An autopsy of a deceased person is performed in order to find out what post-mortem changes have occurred in the body and what is the cause of the death of this person. Usually an autopsy is of two types: forensic and pathoanatomical.
Pathoanatomical autopsy is performed in those people who died in hospital from serious illnesses. That is, the cause of death is most likely to be expected, based on data on the course of the disease, so this death is natural. The forensic autopsy is done by order of the relevant authorities, for example the police, in order to establish the following important facts that can establish whether death was natural or violent. In this type of autopsy, forensic doctors can establish:
• the cause and time of death;
• presence of additional bodily injuries that did not cause death, but are aggravating in the course of the case;
• whether some damage was caused during the life of the deceased, or it was done after the death of a person;
• prescription and sequence of transformations in the body;
• the method of causing harm and the mechanism of action;
• establishing the most probable cause of death.
Typically, such studies are conducted for people who have been forcibly killed and who died suddenly. A forensic autopsy can also be done when relatives complain of improper treatment of the patient, which presumably resulted in death. Regardless of all the causes and circumstances, corpses of persons without a definite place of residence are opened, an autopsy is carried out and the corpses are inspected, which are dismembered. An autopsy is performed by special medical personnel - forensic medical experts, who can provide qualified assistance, especially when working with police authorities. If there are no such doctors( for example, it is impossible to transport a corpse to a morgue), then any doctor can perform an autopsy.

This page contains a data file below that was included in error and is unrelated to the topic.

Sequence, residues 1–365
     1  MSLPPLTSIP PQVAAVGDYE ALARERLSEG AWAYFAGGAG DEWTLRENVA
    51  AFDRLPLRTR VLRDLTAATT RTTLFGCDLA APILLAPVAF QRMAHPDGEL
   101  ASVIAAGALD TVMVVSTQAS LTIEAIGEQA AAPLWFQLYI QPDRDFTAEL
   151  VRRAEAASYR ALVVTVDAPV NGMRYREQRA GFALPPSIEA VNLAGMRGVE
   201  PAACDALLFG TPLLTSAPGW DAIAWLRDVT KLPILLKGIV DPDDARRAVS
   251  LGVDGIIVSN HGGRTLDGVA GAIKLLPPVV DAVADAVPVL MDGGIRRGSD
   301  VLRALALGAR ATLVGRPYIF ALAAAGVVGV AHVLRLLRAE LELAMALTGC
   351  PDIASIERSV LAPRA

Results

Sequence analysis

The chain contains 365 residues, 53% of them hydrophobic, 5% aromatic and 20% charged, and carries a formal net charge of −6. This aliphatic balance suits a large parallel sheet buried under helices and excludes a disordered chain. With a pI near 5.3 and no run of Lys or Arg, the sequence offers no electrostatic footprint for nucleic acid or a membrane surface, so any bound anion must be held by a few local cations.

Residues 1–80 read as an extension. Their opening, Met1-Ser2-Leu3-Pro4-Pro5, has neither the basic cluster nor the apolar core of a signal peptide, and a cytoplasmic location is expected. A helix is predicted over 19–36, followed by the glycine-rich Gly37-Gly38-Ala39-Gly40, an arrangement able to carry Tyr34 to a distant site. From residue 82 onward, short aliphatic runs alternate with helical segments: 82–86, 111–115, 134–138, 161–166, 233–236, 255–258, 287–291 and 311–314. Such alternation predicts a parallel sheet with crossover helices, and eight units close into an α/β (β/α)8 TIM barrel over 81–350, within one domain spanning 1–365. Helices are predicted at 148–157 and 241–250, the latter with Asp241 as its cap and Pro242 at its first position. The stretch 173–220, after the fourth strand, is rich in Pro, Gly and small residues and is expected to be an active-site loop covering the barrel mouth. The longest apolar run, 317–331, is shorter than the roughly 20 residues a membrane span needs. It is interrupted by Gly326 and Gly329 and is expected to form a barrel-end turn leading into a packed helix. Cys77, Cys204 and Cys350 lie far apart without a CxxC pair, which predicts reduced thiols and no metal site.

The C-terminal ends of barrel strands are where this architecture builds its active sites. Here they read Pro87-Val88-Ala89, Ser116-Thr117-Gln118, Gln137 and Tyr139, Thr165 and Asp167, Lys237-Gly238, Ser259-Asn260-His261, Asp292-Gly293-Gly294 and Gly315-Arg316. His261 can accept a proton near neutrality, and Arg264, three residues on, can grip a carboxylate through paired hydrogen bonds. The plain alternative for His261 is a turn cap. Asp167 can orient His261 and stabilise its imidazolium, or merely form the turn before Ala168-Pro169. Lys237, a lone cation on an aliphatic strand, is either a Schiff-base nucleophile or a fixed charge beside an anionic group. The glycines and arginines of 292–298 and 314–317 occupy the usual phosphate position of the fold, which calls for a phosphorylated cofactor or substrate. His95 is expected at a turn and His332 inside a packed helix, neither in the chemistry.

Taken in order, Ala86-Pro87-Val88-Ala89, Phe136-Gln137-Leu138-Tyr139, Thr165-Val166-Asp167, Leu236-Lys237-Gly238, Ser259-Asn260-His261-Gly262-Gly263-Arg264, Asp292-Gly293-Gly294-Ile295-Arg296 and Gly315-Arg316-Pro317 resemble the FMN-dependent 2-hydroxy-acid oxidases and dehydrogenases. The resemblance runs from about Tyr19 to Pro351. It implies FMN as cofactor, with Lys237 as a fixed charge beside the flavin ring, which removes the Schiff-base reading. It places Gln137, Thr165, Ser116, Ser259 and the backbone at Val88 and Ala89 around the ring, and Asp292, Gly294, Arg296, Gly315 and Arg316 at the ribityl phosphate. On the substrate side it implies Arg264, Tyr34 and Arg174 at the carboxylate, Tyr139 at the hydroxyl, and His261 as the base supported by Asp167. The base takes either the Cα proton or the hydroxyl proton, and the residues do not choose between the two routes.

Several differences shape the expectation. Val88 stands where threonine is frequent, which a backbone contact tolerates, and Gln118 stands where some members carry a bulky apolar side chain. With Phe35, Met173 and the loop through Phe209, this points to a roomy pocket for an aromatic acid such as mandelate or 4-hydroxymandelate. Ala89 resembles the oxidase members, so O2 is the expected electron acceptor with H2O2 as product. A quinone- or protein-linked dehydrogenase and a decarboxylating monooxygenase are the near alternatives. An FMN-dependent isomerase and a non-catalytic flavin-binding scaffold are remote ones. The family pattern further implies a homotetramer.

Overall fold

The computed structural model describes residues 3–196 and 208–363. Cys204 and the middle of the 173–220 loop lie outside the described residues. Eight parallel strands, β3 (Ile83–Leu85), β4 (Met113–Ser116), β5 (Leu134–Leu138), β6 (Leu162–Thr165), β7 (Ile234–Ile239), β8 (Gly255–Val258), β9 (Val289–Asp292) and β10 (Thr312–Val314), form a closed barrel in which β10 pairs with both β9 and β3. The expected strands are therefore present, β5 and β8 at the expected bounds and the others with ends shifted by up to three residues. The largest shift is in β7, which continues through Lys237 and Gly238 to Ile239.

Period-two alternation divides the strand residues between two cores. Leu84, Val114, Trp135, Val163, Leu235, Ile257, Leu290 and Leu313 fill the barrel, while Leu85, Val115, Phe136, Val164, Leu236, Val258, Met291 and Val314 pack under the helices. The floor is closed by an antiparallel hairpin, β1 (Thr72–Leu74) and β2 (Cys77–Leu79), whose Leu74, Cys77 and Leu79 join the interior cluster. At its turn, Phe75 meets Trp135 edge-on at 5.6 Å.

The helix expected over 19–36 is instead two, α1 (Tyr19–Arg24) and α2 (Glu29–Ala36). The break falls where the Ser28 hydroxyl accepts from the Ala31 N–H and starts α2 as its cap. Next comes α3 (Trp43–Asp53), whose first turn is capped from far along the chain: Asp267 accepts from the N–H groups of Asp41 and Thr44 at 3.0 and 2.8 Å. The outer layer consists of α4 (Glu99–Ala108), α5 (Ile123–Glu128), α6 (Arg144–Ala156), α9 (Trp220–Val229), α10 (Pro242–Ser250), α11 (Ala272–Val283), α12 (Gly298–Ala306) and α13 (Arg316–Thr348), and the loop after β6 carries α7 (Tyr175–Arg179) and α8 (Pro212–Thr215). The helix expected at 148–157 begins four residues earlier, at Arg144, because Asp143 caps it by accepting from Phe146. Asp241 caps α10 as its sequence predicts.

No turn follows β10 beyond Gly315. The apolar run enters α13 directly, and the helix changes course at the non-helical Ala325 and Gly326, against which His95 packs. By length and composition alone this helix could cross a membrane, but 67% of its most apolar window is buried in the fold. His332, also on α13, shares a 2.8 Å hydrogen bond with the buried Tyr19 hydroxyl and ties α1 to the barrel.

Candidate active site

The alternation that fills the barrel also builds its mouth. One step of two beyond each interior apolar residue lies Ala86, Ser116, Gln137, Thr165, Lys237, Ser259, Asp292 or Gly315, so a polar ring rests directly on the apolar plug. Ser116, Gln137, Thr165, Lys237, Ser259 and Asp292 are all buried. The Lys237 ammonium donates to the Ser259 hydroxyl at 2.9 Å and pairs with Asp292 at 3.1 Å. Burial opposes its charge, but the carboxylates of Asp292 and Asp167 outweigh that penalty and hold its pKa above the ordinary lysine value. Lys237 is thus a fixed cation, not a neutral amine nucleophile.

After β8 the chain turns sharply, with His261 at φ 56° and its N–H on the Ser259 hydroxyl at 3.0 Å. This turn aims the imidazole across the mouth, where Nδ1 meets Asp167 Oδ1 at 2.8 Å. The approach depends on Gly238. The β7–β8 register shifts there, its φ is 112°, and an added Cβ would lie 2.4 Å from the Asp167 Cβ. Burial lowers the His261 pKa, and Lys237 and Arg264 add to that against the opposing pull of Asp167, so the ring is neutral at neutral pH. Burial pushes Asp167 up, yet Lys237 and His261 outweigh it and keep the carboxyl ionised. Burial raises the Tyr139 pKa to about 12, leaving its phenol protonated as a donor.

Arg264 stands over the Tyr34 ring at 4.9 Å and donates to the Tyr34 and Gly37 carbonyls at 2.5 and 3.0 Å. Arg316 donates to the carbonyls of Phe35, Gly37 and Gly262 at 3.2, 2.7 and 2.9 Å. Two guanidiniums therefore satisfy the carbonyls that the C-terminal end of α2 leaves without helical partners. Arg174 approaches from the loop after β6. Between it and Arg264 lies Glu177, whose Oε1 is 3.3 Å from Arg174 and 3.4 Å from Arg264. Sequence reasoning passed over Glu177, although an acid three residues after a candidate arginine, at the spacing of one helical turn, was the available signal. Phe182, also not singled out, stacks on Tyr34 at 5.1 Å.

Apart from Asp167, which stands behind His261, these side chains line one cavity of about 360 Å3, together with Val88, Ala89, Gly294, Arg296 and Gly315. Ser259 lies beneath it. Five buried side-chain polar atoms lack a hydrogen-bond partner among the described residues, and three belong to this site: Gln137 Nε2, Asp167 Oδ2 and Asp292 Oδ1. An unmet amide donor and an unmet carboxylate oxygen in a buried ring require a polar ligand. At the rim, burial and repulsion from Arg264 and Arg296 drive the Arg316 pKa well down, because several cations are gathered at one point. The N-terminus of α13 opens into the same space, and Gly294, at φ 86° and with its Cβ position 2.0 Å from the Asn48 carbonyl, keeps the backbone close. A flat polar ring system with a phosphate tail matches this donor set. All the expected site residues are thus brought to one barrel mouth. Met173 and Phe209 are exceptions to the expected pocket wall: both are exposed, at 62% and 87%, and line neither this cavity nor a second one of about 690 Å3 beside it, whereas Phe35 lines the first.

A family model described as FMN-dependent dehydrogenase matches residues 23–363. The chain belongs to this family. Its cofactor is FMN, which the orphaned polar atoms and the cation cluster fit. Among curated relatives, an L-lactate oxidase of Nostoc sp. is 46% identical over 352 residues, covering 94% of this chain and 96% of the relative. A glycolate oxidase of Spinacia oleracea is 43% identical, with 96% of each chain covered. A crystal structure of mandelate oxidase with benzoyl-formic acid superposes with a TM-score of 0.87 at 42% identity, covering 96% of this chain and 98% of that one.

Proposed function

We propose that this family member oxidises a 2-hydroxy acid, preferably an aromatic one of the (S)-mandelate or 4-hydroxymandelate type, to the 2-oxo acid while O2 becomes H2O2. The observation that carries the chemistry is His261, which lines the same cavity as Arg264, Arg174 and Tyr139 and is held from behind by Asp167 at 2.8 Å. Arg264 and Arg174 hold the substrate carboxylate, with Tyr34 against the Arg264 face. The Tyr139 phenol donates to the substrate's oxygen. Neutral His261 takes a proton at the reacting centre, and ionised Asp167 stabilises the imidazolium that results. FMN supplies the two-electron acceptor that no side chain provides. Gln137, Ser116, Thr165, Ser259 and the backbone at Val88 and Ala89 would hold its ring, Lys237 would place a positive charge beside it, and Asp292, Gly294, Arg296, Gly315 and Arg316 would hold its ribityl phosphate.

Autopsy involves several stages. The first stage is a visual examination of the body that came to the examination. Doctors examine the corpse, clothes in detail, establish the integrity of clothing, the presence of other objects on it or on the body. Further, the corpse in the morgue is undressed and begins to examine the skin and the body as a whole. Determine if there is damage to the body and if so, where they are. Describe the location and nature of cadaveric spots, which indicates the prescription of the onset of death. Further, soft tissues and internal organs are examined. In the forensic autopsy, corpses are not washed, so as not to lose important clues. If there is a suspicion of the nature of death, the forensic medical expert may prescribe additional tests to more accurately establish the cause of death. Special work is the autopsy of the child's corpse. Here it is important for the doctor to determine whether the child was alive at birth, whether he was born alive, or died in the womb, how mature his organs, how much he lived after birth, whether there were attempts to care for the child. Usually viable, live-born babies are considered to be those children, whose mass is more than one and a half kilograms, they have a body length of about forty centimeters, in their organs there are no pathologies of intrauterine development that could lead to death. In addition, samples of lungs and stomach are taken - if parts of these organs float on the water, then the child was born alive and breathing. The autopsy of the child's corpse is especially important, as when the mother is brought to justice, she will be sentenced on the basis of this particular procedure. The entire course of the autopsy is described in detail in a special form, there is also a graph of the final conclusion and the establishment of the causes of death. After the opening, the relevant papers are given to the relatives of the deceased.